Since life became kind of an emotional roller coaster for me, I stopped working out and eating right. However, my life was just as crazy while I was loosing the weight. My conclusion is that if you are allowing your life to be an emotional roller coaster you are going to gain weight. If you stay disciplined and allow a good diet and exercise to be your anchor, the rest of your life improves. There are no quick fixes, there is no healthy alternative, that is just how it is. The laws of physics about inertia are the same for a healthy life style. A body at rest tends to stay at rest; a body in motion tends to stay in motion….

The final point is one for responsibility. Nobody put a gun against my head and told me to eat. My choice to eat the foods I did is what put the weight on. Just as it is my choice to stay focused and anchored to diet and exercise. My reaction to an emotional speed bump in life is what knocked me off anchor and set me on the down ward spiral of weight gain. In my mind, to blame others will make it that much harder to get back in the saddle (and it is just not right to blame others for my own imperfections).

Posted by: shipshape on December 14, 2003 06:07 PM

Michael, I think what you say is very true. I lived downtown in a city where I could walk everywhere and I felt much more healthy and trim than I do now. It's much easier to walk to the drugstore/grocery store/whatever than it is to go for a walk to get exercise. And when I moved out to the country, I missed that time alone and moving when I could think and decompress from the day. I often go to town to pick up my kids from school functions and it just annoys me no end when I end up giving friends a ride home who live within sight of the school. And the parents give them rides to school every morning. Aargh.

Shipshape--No, it wouldnt bother me at all to date someone shorter than myself. It would bother me if it bothered him tho. My husband is 5'10" but I dont think of our marriage as "settling" for him. He's also built much smaller than I am. My Dad always said I had "big bones" for a girl. He has learned not to start wrestling matches with me tho because with my long legs, I can flip and pin him everytime.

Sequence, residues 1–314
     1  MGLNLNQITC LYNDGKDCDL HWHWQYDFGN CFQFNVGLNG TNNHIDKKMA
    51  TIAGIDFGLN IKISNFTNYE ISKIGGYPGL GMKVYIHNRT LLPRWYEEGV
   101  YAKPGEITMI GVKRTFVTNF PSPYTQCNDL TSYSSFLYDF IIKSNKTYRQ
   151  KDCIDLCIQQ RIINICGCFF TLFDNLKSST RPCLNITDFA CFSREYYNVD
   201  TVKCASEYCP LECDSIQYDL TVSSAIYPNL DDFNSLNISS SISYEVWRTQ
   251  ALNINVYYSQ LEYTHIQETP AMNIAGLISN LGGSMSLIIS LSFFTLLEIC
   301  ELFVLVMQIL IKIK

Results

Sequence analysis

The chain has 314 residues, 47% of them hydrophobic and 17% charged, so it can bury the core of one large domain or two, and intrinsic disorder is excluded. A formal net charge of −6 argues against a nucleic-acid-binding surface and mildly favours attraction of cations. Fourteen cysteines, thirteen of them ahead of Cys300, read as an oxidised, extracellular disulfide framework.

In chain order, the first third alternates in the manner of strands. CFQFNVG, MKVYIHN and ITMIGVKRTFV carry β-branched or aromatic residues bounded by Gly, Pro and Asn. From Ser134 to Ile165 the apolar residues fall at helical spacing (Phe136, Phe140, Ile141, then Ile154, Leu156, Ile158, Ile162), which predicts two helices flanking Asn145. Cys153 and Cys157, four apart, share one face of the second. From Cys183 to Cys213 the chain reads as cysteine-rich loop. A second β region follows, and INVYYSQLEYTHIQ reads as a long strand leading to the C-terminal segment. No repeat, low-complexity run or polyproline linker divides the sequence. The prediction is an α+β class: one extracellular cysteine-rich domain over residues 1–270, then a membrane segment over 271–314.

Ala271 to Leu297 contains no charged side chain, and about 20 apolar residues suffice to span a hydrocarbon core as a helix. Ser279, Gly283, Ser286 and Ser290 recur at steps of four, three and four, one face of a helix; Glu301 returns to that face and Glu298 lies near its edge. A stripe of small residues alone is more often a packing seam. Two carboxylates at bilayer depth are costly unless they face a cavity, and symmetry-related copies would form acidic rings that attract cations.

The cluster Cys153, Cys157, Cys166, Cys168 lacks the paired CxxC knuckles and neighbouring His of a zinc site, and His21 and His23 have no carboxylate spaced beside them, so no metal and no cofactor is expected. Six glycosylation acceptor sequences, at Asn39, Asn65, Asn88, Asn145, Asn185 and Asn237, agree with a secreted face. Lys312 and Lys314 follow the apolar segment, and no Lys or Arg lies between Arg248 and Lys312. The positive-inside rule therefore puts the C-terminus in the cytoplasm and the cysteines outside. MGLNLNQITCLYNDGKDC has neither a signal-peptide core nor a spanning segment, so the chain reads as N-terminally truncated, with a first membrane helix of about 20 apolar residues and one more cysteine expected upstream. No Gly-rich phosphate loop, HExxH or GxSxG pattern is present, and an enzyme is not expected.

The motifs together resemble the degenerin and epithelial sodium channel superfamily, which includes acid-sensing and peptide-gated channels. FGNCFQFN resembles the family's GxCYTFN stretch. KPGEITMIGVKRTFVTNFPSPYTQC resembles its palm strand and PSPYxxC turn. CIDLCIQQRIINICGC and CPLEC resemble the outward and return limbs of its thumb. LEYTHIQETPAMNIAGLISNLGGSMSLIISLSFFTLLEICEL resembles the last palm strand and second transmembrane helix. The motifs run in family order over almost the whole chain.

Any girl my height will tell you it really doesnt matter in the long run. Look for someone you can be friends with first, who makes you laugh and who you enjoy being with and all the rest is secondary, especially in a long term relationship. In twenty years after a couple kids they are going to look very different any way. I gave up early on wishing I could find someone who was taller because, frankly, there arent that many and why limit the field of endeavor? He loves it, by the way, when I kick out the 4 inch heels, put up my hair and dress to the nines, even tho I tower over him.

Posted by: Deb on December 14, 2003 06:54 PM

Hey, I'm 5'9" and married to a six foot tall woman -- very 21st century. Loads of fun, and highly recommended.

Posted by: Michael Blowhard on December 14, 2003 07:02 PM


I think you're right that you have to be a little selfish to stay in shape... I do a good half hour of power yoga a day and almost never accept an invitation to dinner at a friend's house or a restaurant--both of which put up barriers, at least to some extent. But it works! Until about six years ago, I was chonically ill with neverending strep infections and a real maniac for society as well--the only thing that made me feel better was hanging out with others and sliding lots of soothing foods down my tortured throat... I always ate "healthily"--I've been a vegetarian since I was 12 and am addicted to stuff like fruit, vegetables, and bran cereal. Nevertheless, before I had my tonsils out in 1997, I was 5'5" and weighed about 205 lbs. Portions were my problem. I went though a box of cereal a day, and that was just for breakfast! Anyway, since then, I've stabilized at 130 (I am still 5'5")--and that's largely thanks to the fact that I eat the same three meals every single day (+the excercise). My girlfriend thinks it's ludicrous (she can't even watch me eat my nightly oatmeal anymore), but really, food is for powering me through my day--life isn't some damned never-ending taste-test--you settle on what works (I do find all themeals genuinely tasty) and you just go with it. The incredible payoff in energy and flexibility is more than worth the sacrifice of varity, as far as I'm concerned!